1. The real secret of the beauty and terror of the Falls is not their height or width, but the feeling of colossal power and of unintelligible disaster caused by the plunge of that vast body of water. If that were taken away, there would be little visible change, but the heart would be gone.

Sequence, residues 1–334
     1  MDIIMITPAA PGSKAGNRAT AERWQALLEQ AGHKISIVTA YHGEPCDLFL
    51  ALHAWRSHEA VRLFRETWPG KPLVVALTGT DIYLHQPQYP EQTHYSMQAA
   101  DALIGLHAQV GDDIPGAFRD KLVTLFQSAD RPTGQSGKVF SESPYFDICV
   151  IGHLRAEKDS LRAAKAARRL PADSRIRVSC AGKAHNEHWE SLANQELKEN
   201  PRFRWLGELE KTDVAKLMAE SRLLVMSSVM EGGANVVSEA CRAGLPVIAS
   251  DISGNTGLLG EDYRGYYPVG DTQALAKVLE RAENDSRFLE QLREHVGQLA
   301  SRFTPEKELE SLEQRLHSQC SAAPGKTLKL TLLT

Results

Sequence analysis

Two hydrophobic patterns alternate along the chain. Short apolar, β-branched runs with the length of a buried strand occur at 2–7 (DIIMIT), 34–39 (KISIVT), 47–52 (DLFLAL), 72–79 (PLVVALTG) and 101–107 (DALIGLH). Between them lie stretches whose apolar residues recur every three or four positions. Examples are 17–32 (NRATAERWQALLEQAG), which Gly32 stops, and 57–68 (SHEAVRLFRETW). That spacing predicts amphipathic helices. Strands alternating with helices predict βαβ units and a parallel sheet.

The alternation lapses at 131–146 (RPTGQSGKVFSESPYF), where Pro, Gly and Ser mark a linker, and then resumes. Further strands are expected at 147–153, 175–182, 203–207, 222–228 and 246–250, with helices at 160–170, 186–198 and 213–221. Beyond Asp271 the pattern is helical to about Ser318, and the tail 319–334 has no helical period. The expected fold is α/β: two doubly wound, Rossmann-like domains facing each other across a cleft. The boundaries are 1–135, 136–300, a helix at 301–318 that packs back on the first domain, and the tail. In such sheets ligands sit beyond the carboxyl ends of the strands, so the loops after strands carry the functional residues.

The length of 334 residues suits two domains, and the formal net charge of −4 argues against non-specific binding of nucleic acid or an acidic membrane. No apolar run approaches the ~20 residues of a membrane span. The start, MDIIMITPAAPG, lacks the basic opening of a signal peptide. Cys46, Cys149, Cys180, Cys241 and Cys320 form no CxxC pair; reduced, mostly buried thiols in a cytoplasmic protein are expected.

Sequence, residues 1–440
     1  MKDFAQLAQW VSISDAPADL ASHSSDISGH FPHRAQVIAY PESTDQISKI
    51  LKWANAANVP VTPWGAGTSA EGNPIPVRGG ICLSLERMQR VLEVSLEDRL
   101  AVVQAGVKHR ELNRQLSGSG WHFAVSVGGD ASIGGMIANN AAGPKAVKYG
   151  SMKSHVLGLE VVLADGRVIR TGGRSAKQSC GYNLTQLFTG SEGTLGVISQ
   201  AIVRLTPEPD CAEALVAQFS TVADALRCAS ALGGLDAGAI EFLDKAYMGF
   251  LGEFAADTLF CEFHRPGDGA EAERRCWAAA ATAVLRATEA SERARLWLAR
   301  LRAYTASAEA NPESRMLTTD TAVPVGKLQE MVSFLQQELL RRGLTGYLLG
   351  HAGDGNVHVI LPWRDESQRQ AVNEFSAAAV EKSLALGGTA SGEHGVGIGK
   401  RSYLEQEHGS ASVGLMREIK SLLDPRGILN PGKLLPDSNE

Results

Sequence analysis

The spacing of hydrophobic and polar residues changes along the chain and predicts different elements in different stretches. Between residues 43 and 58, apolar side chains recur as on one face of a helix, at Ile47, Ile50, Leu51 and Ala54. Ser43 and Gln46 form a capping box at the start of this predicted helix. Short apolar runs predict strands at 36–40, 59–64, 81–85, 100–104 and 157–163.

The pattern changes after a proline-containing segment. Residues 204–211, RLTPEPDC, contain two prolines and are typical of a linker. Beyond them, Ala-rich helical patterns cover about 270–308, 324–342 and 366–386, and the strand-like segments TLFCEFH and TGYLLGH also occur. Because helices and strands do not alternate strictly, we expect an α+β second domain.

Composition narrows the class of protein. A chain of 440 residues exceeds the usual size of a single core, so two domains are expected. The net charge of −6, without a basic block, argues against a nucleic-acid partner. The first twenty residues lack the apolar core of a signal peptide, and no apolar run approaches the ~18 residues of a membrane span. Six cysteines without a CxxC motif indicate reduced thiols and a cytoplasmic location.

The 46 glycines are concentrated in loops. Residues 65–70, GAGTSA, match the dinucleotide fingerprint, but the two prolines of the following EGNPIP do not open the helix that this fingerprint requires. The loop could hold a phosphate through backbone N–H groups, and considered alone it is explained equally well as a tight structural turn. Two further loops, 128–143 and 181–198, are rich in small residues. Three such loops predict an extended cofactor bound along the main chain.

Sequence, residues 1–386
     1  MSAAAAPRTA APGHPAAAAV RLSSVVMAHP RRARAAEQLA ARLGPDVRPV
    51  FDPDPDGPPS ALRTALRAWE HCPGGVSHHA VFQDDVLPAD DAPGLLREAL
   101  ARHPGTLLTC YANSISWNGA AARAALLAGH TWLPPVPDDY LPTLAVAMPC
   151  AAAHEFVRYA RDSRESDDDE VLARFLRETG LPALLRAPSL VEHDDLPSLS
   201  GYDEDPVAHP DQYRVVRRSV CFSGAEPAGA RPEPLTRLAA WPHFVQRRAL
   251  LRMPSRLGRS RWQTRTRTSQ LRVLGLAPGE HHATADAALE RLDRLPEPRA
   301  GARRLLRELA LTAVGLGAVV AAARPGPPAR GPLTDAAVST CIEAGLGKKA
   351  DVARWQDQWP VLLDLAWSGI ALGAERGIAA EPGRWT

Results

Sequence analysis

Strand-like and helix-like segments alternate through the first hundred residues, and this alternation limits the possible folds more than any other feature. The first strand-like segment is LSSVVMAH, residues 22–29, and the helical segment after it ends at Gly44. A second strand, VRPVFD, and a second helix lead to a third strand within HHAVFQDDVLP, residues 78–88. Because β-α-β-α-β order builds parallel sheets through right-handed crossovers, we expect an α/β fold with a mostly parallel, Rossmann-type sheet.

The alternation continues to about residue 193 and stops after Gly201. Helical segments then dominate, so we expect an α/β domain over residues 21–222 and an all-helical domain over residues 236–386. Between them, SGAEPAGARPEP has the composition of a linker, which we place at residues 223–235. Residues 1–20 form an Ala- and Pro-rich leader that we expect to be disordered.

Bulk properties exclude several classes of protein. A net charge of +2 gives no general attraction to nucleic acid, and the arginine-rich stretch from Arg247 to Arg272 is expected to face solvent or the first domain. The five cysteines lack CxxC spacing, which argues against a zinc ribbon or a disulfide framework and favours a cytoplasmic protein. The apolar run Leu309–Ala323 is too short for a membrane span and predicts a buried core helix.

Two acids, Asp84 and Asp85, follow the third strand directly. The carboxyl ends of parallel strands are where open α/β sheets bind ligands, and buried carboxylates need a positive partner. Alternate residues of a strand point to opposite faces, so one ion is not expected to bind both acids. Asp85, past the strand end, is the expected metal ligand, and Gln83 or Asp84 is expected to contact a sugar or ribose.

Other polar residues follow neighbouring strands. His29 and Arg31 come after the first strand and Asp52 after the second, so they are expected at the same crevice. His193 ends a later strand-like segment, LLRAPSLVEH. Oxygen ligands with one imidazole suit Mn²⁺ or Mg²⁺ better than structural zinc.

1. The American Falls do not inspire this feeling in the same way as the Canadian. It is because they are less in volume, and because the water does not fall so much into one place. By comparison their beauty is almost delicate and fragile. They are extraordinarily level, one long curtain of lacework and woven foam. Seen from opposite, when the sun is on them, they are blindingly white, and the clouds of spray show dark against them. With both Falls the colour of the water is the ever-altering wonder. Greens and blues, purples and whites, melt into one another, fade, and come again, and change with the changing sun. Sometimes they are as richly diaphanous1 as a precious stone, and glow from within with a deep, inexplicable light. Sometimes the white intricacies of dropping foam become opaque and creamy. And always there are the rainbows. If you come suddenly upon the Falls from above, a great double rainbow, very vivid, spanning the extent of spray from top to bottom, is the first thing you see. If you wander along the cliff opposite, a bow springs into being in the American Falls, accompanies you courteously on your walk, dwindles and dies as the mist ends, and awakens again as you reach the Canadian tumult. And the bold traveller who attempts the trip under the American Falls sees, when he dare open his eyes to anything, tiny baby rainbows, some four or five yards in span, leaping from rock to rock among the foam, and gambolling beside him, barely out of hand’s reach, as he goes. One I saw in that place was a complete circle, such as I have never seen before, and so near that I could put my foot on it. It is a terrifying journey, beneath and behind the Falls. The senses are battered and bewildered by the thunder of the water and the assault of wind and spray; or rather, the sound is not of falling water, but merely of falling; a noise of unspecified ruin. So, if you are close behind the endless clamour, the sight cannot recognise liquid in the masses that hurl past. You are dimly and pitifully aware that sheets of light and darkness are falling in great curves in front of you. Dull omnipresent foam washes the face. Farther away, in the roar and hissing, clouds of spray seem literally to slide down some invisible plane of air.